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Last Updated

14 Jun 2003

Source: Wall Street Journal, December 14, 2001.


Army Confirms Experiments With Anthrax at Utah Facility


The U.S. Army confirmed Thursday that it has experimented in the last few years at a Utah facility with powdered forms of anthrax that could be used as a weapon, but said all of the material had been accounted for.

Army officials refused to say if the powdered anthrax -- manufactured to test defensive decontamination methods, they said -- was the same as the Ames strain that was used in the mailing attacks. The Dugway Proving Grounds in Utah does have that strain, and Federal Bureau of Investigation officials said they are now waiting for scientists to determine if it was used in powder form by the lab.

The FBI has been aware since October that the facility was experimenting with powdered anthrax and has questioned personnel there about the matter. But a senior law-enforcement official working on the case said, "to say someone from Dugway is the culprit is pure speculation. ... We've been working very closely with the Army, and they've been very cooperative."

Army shipping records show that anthrax was sent to Dugway Proving Grounds from the Army Medical Research Institute of Infectious Diseases at Fort Detrick, Md. At Dugway, the anthrax was used as part of small-scale, regular experiments to test detection equipment and decontamination gear to better equip U.S. soldiers against biological weapons, Army officials said. The effort was launched after the Gulf War.

The Army said in a statement that "all anthrax used at Dugway has been accounted for. There is a rigorous tracking and inventory program to follow the production, receipt and destruction of select agents."

FBI officials say they have been surprised by the widespread use of anthrax in laboratories and research universities. "It's been eye-opening for us," a senior FBI official said Thursday. "The way the science community works, it's very freewheeling and free-sharing."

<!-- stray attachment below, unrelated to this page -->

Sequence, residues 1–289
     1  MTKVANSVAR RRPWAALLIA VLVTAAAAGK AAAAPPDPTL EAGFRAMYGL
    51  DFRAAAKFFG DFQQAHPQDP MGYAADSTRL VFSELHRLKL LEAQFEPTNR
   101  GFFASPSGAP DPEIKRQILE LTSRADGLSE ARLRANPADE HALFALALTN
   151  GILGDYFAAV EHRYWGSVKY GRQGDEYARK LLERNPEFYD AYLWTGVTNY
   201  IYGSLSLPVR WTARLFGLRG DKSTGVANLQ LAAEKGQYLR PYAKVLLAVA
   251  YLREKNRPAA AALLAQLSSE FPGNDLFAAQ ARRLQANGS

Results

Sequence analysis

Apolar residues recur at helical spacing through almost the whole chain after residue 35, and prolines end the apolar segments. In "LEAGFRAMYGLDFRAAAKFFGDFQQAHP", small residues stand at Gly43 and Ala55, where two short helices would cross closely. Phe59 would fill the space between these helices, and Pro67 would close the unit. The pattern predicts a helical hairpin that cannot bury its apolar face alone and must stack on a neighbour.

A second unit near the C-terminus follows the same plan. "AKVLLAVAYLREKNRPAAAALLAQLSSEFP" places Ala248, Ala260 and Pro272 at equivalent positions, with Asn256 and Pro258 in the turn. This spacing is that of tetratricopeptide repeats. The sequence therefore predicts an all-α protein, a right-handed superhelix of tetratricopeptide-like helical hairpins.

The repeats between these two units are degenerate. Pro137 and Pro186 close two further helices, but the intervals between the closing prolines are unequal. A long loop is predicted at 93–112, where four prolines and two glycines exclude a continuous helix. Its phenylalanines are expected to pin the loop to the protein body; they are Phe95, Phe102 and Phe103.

Tim Moore, director of research for the Auburn University College of Veterinary Medicine, whose school has been contacted by the FBI, said there is a "very different culture of how scientists deal with their [anthrax] cultures. When I was in grad school the lab was a mess. There were cultures that had been in there for 15 years; nobody knew who they belonged to."

Meanwhile, federal health officials said they will meet this weekend to discuss whether to offer anthrax vaccinations to thousands of people who may have been exposed to the dangerous bacterium.

About 9,000 people in Florida, Washington, New York and New Jersey were told to take antibiotics for 60 days to stave off anthrax infections. As that deadline gets closer for many, some health officials wonder if the course was long enough to prevent anthrax spores in the lungs from causing infection. Evidence that many people didn't finish the regimen also has raised concerns; many of the postal workers at the Brentwood facility where contaminated letters were processed have told health officials they didn't finish the regimen.

Officials must decide if the possibility the vaccine may protect people is worth the possibility of adverse reactions to it. They also must decide how much of the 220,000 doses transferred from the Defense Department to the Department of Health and Human Services stockpile should be used rather than saved for potential future outbreaks. Vaccinating all the people deemed to be at risk would require at least 27,000 doses.

Postal officials also said they are considering issuing fliers to New Jersey residents in the hopes of securing more leads over the mailer of four anthrax-tainted letters postmarked Trenton, N.J. The proposed flier, to be sent out before Dec. 25, could include images of the letters, the FBI's profile of the mailer, the idiosyncrasies of the mailer's handwriting, and information about the case's $1.25 million reward.

-- Sarah Lueck, Chad Terhune and Kathy Chen contributed to this article.